A more serious question arises as to the subpœna duces tecum which it is sought to have vacated. The subpœna has not been produced before the court. But it presumably covers the books, papers and documents relating to the business of the copartnership and the corporation referred to, as to the "identity" of which the examination is sought. The practice regarding the production of books and papers seems to be in an uncertain state in cases where a discovery and inspection is not sought under section 324 of the Civil Practice Act. Section 296 of the act provides that if the deposition is to be taken pursuant to an order, the order may require, in a proper case, the production of books and papers, and on the examination the books and papers or any part or parts thereof may be offered and received in evidence, in addition to the use thereof by the witness to refresh his memory. In this case, of course, no order was obtained. In Ritzwoller v. Lurie, 204 A.D. 768, 769, the court says: "There is no provision, however, for the production of books and papers upon a mere notice, given under section 290, of the taking of testimony by deposition. A party can only be required to produce books upon such examination, under an order of the court."
But in that case it does not appear that a subpœna duces tecum was served. That decision seems difficult to reconcile with New York City Car A. Co. v. Regensburg Sons, 205 A.D. 705, decided in the same department a few months later, where the court says: "The defendant also asks for the vacation of a subpœna duces tecum requiring the production of books and papers, insisting that such production is only permissible through an order of the court, and that the plaintiff is seeking to obtain by this means a discovery and inspection of its books and papers. In this the defendant is in error, since the production of the books and records may also be procured by a subpœna duces tecum. * * * When so produced, however, their use is limited to refreshing the recollection of the witness. * * * In order to use the books and papers other than to refresh the memory of the witness, however, an order of the court is necessary."
In Fey v. Wisser, 206 A.D. 520, 523, the court, after discussing the sections of the Civil Practice Act and the rules relating to discovery and inspection of books and documents, says: "It will thus be seen that the only real objection which existed under the Code of Civil Procedure to combining these two forms of relief in one order is now obviated by the Civil Practice Act and the Rules of Civil Practice; that is, provided a party proceeds by an order for examination in the first instance, instead of by a mere notice."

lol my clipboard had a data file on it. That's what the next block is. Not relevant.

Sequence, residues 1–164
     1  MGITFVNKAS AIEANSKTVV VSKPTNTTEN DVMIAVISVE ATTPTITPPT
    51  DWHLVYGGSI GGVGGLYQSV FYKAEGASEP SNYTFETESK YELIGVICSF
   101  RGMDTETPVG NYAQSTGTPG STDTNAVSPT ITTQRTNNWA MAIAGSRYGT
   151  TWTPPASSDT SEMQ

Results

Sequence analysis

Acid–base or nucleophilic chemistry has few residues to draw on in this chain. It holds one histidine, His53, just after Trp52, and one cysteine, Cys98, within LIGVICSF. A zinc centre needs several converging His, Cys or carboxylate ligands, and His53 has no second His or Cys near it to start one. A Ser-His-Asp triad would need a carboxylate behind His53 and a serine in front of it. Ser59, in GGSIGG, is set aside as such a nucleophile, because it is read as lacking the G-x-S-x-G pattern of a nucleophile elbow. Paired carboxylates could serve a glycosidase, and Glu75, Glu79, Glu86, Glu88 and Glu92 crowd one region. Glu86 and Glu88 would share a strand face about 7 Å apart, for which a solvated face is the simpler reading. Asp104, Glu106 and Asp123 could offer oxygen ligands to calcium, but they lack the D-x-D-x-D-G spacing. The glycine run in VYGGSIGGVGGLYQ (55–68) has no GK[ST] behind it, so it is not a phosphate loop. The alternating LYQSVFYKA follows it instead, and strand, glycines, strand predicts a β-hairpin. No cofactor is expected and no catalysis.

Thus it seems to be held in this case that to obtain an examination of books and papers under section 296 the proceeding must be instituted by order, rather than only by notice. The question has not, so far as I have been able to discover, been passed upon in this department. However, in Eagle-Picher Lead Co. v. Mansfield Paint Co., 201 A.D. 223; 203 id. 9, it was held that the court should put no restrictions on litigants additional to those expressly imposed by the Civil Practice Act, and that examinations before trial should be facilitated by giving the provisions applicable a liberal interpretation. In view of this, I am inclined to hold, following the New York City Car A. Co. Case, supra, that production of the books under the subpœna duces tecum may be had, though that opinion indicates they cannot be used other than to refresh the memory of the witness. As, under the notice, the only purpose of the examination of the books is to have their "identity" established, defendant presumably may do this when refreshing her recollection regarding them. For certainly a limited examination of the books is necessary under section 296, in order that defendant may refresh her memory as to whether those produced are the books of the copartnership and corporation.
The motion to vacate the notice and subpœna is denied. Defendant is directed to appear for examination before the referee named in the notice, at the place therein specified, on the 25th day of March, 1924, at ten A.M.